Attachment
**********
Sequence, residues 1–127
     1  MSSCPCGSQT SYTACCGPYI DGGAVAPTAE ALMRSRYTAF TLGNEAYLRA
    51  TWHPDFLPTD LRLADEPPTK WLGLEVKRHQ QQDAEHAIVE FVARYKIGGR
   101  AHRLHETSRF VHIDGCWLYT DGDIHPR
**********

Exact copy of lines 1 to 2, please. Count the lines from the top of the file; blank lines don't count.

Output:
Sequence, residues 1–127
     1  MSSCPCGSQT SYTACCGPYI DGGAVAPTAE ALMRSRYTAF TLGNEAYLRA